Ducks are doing it with defense

Ducks are doing it with defense
Ducks goalie Frederik Andersen made 17 saves in a shutout victory over the Vancouver Canucks on Jan. 27. (Darryl Dyck / Associated Press)

What the Ducks wanted to develop on defense this season was delayed by injuries, a frantic schedule and the adjustment to some new players in key spots.

Now, as they take a six-game winning streak to a Pacific Division road game Thursday night against the second-place San Jose Sharks, the Ducks appear to have a collective understanding of how best to clamp down.


"We're making it difficult for teams to score," defenseman Hampus Lindholm said. "Hard work always beats talent."

In the Ducks' past five games, they've given up only six goals and have two shutouts. They returned from the All-Star break to win Tuesday at Vancouver, 4-0, with only 17 shots sent at goalie Frederik Andersen.

"We check the puck a lot harder, rather than just trying to contain, as we were in the start of the year," Ducks assistant coach Trent Yawney said. "Lately, we've been coming out of our zone a lot cleaner, and when we do that, it puts us into our strength zone, which is down low.

"It's a credit to the guys for understanding who we are — how we have to play — to get the results that we want."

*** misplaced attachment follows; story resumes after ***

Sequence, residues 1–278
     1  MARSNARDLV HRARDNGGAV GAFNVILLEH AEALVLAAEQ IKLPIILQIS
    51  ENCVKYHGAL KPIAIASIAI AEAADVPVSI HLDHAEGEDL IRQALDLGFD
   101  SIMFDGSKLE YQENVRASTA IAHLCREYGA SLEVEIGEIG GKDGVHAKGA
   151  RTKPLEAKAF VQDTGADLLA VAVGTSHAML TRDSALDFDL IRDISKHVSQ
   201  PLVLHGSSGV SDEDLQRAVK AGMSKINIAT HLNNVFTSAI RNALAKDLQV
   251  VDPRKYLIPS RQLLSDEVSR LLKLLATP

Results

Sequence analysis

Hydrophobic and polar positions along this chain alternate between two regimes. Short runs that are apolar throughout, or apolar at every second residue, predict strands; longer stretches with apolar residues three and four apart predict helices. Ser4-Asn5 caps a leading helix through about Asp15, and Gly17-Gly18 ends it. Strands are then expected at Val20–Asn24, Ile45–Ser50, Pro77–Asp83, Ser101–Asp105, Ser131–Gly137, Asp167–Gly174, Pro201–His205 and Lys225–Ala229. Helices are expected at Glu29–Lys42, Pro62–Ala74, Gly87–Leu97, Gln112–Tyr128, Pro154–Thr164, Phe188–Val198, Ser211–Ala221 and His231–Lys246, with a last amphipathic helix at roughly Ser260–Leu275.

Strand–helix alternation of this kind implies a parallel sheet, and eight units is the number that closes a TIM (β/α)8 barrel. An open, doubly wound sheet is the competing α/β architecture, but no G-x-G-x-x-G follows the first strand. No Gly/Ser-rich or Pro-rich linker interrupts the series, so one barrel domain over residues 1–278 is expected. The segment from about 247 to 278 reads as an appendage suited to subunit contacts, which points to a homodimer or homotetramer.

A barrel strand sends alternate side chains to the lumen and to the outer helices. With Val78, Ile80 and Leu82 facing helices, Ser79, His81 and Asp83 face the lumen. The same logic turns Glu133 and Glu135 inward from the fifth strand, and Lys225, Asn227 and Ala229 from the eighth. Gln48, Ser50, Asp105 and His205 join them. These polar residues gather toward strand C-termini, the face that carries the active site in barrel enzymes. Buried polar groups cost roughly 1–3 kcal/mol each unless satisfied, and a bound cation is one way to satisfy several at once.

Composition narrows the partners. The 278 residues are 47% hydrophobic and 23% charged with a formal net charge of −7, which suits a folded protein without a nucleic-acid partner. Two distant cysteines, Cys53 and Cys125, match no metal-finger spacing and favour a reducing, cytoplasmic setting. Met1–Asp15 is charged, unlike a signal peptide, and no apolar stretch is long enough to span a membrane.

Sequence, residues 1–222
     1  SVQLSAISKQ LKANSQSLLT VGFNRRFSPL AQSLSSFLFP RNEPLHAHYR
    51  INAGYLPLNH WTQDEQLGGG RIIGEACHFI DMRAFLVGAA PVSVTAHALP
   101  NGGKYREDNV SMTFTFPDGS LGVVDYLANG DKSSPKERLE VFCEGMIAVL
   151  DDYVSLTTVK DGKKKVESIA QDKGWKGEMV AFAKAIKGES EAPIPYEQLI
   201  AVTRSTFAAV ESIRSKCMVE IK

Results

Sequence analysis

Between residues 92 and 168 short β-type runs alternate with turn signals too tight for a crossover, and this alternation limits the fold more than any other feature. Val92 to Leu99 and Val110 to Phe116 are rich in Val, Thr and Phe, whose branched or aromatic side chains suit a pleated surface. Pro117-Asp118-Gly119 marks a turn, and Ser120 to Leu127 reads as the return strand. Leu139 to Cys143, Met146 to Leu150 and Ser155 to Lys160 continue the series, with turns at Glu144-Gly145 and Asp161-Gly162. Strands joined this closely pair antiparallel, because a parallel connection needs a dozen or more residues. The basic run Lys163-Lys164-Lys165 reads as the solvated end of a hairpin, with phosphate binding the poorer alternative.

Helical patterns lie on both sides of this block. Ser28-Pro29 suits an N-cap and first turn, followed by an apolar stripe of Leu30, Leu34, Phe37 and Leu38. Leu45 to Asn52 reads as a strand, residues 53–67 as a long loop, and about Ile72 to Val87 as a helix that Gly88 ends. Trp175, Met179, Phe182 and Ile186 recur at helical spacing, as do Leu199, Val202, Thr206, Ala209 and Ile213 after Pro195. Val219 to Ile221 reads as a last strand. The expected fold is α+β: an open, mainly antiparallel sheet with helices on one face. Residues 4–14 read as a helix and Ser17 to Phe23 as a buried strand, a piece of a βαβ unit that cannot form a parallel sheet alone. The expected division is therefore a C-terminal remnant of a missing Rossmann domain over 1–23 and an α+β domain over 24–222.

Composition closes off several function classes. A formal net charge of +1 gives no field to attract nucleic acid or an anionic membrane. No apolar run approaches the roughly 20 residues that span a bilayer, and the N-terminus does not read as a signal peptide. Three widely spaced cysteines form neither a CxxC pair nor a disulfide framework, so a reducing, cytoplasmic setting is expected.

Yawney said the team's attention to defensive detail sharpened this month with a wealth of practice time.

"To play like we are defensively, it has to be every single guy on the ice," center Nate Thompson said.

Thompson and fellow off-season addition, defense-minded center Ryan Kesler, are playing critical roles, as seen in their contributions to penalty killing. Anaheim has stopped opponents on 19 of the past 21 power plays.

"Guys take a lot of pride in filling in shooting lanes and blocking shots," Yawney said. "We might not be where we want to be [in NHL team rankings], but … we're getting timely kills, the ones that can be difference makers. The guys take pride in killing off those."

All's fine

What looked like a troublesome hit by Kesler on Vancouver's Derek Dorsett — the forward was forced from the game after a second-period collision — was dismissed as nothing more than a hockey play by the NHL, which will not fine or suspend Kesler.

Dad's trip

Several Ducks brought their fathers along on the journey north, the team arranging a special dinner Monday and bringing the dads to practice and games.

"To be around the guys in the locker room, get to converse with other dads, get to see what it's like to be on the road … it's been great," said Thompson, accompanied by his father, Robert.

As a youth in Anchorage, Thompson said his father would take him to early-morning games and practices — indoors and outdoors.


"This is kind of a payback to him," Thompson said. "It's incredible and I know every other player feels the same way."


When: 7.

On the air: TV: NBC Sports Network; Radio: 830.

Etc.: Ducks Coach Bruce Boudreau said defenseman Eric Brewer appears ready to play "very soon," after more than a week of practice since recovering from a broken foot suffered Dec. 1. The Sharks, led by Joe Pavelski's 24 goals, haven't played since Jan. 21.

Follow Lance Pugmire on Twitter @latimespugmire